Domestic Workers Rights Are Women’s Rights

Gov. Jerry Brown (D-Calif.) has a big decision to make for the cause of women’s rights.  On his desk at the moment is a Domestic Workers Bill of Rights that recently passed both houses of the California legislature.  The bill only needs Gov. Brown’s signature to become law; if he doesn’t sign it before September 30, it automatically becomes law.

The Bill of Rights–Assembly Bill 889 [PDF]–guarantees domestic workers overtime pay and lunch and rest breaks, and assures live-in workers that will be allowed sufficient sleep in adequate conditions. The Bill covers nannies, housekeepers and caregivers employed by private agencies, as well as those hired by individual families.

The provisions of the bill are hardly radical. They are rights that many of us wouldn’t think twice about.  Of course, people deserve the right to eat lunch and should have the right to a full night’s rest. Why are we even talking about this?

Because these basic rights are routinely denied to household workers.

Domestic work, an occupation historically made up of African American and immigrant women, was excluded from the labor protections afforded to most workers in the 1930s: Social Security, unemployment, a minimum wage and the right to organize and bargain collectively. Although they now have access to Social security and minimum wage, domestic workers are still a vulnerable workforce.

Today, there are overwhelmingly poor immigrant women of color who engage in the devalued work of cooking, cleaning and caring that enables households to function.  Many don’t think of that as “real” work. Moreover, domestics work in the privacy of the home, are sometimes undocumented, aren’t always aware of their rights and are subject to the whims of their employers.  It is particularly difficult for household workers to organize because they are isolated from each other, and it is very easy for employers to replace them if they express even an ounce of dissatisfaction.

That’s why it’s important for states to step in and guarantee a basic level of protection for these women (mainly) workers.

In this crucial election season, the question of domestic workers rights needs to be part of a broader agenda of how we define women’s rights. Women’s issues, from rape to equal pay to contraception, seem to permeate the rhetoric of the campaign, and they’re all important. But the status of domestic workers should be added to this list. Women are increasingly carrying the burden of supporting families, and low-paid service-sector employment–such as household work–is one of the fastest growing sectors of the labor market. While the Bill of Rights won’t solve all the problems of these workers, it is one important step to assuring a basic level of decency and respect.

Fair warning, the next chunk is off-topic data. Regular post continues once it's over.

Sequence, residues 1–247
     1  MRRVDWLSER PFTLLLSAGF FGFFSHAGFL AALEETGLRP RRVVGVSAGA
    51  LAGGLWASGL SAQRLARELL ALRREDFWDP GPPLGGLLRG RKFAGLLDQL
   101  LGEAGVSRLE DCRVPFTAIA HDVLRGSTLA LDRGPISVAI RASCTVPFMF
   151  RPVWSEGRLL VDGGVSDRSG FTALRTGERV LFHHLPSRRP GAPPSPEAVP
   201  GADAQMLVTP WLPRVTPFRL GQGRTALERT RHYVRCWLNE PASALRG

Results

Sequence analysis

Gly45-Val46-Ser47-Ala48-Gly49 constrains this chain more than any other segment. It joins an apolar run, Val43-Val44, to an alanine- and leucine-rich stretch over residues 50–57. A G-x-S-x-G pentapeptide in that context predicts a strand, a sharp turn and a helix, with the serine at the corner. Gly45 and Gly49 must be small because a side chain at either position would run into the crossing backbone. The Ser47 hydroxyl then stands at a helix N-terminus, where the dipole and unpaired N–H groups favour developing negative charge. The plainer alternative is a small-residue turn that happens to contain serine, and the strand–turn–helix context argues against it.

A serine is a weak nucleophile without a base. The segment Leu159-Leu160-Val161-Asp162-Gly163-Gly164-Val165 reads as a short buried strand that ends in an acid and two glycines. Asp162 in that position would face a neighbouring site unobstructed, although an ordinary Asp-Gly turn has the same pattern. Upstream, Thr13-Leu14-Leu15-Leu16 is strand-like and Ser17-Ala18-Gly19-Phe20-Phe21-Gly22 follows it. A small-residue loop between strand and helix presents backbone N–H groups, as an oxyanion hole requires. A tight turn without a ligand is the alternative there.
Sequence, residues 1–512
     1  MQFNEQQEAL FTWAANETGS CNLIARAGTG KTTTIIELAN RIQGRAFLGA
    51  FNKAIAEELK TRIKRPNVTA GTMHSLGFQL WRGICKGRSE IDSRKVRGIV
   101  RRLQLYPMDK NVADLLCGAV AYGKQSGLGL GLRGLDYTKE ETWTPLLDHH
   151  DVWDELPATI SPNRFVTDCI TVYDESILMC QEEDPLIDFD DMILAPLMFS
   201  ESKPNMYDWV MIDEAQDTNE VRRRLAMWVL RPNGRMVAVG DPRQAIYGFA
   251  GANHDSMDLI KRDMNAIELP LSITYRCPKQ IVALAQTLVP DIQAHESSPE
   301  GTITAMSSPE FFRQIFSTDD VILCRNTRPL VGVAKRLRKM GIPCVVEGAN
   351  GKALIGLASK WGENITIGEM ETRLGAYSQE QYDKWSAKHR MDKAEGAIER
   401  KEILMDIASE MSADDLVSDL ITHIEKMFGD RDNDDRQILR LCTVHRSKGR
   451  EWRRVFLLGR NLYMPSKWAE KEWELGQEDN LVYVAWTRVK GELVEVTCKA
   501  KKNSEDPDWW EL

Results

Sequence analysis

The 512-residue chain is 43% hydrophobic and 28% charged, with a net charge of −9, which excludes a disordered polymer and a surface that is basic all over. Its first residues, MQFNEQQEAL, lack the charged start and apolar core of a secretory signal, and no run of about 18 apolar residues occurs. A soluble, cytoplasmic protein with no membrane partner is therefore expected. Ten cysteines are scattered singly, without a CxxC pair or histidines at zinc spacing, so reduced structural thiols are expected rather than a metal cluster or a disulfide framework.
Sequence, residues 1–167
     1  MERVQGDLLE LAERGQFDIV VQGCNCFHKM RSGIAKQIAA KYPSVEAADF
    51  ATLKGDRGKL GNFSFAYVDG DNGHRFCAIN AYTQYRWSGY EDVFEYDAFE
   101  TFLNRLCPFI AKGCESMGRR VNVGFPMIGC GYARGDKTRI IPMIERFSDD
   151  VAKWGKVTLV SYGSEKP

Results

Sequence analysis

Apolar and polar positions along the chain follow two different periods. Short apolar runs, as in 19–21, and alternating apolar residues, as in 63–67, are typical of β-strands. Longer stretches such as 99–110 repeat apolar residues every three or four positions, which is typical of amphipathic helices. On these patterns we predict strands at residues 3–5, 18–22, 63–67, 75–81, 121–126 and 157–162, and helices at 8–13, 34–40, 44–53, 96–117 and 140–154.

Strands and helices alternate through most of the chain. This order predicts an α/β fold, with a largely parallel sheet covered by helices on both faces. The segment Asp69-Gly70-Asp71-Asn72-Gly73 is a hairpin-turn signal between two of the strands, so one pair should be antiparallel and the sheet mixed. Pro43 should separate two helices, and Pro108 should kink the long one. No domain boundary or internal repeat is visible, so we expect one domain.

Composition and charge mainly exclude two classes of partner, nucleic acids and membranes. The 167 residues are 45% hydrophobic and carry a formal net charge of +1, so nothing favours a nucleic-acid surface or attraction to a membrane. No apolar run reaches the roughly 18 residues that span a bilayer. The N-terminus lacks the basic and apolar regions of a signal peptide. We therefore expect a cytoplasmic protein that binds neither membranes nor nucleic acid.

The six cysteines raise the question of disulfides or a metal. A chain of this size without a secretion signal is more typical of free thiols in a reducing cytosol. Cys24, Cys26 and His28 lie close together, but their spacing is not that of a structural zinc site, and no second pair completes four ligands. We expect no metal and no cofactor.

This bill has been many years in the making, with a previous version passed in 2006 but vetoed by then-governor Arnold Schwarzenegger. The current bill was advocated by the California Domestic Workers Coalition, which is part of a global grassroots movement by domestic workers and their allies. The movement already passed a Domestic Workers Bill of Rights in New York State in 2010, the first in the nation, and last year convinced the International Labour Organization to pass a Convention on Decent Work for Domestic Workers that established global standards for domestic workers. It only needs to be ratified by for it to be applicable in the country.

The California bill is the result of many visits by local activists to the state legislature in Sacramento, dozens of rallies and protests, community education projects and hours of door-to-door campaigning.  The hard part is over. Right now all it would take is the stroke of a pen by Gov. Brown to turn this hard-fought battle into a concrete victory.

Email Gov. Jerry Brown at to urge his support of AB 889 by Sept. 30.  

Screenshot from National Domestic Workers Alliance


Premilla Nadasen is an Associate Professor of History at Queens College, City University of New York. Her first book, Welfare Warriors: The Welfare Rights Movement in the United States (Routledge 2005), won the John Hope Franklin Prize awarded by the American Studies Association. In 2006-2007 she served as first Visiting Endowed Chair of Women’s Studies at Brooklyn College. A longtime community activist and scholar, she has worked with numerous social justice organizations, including Domestic Workers United and the National Domestic Workers Alliance. She has written for Feminist Studies, the Women's Review of Books, Race and Reason, Ms. Magazine, and the Progressive Media Project. In addition, she has given numerous public talks about African-American women's history, welfare policy, and labor organizing. She is currently writing a book on the history of domestic worker organizing in the United States.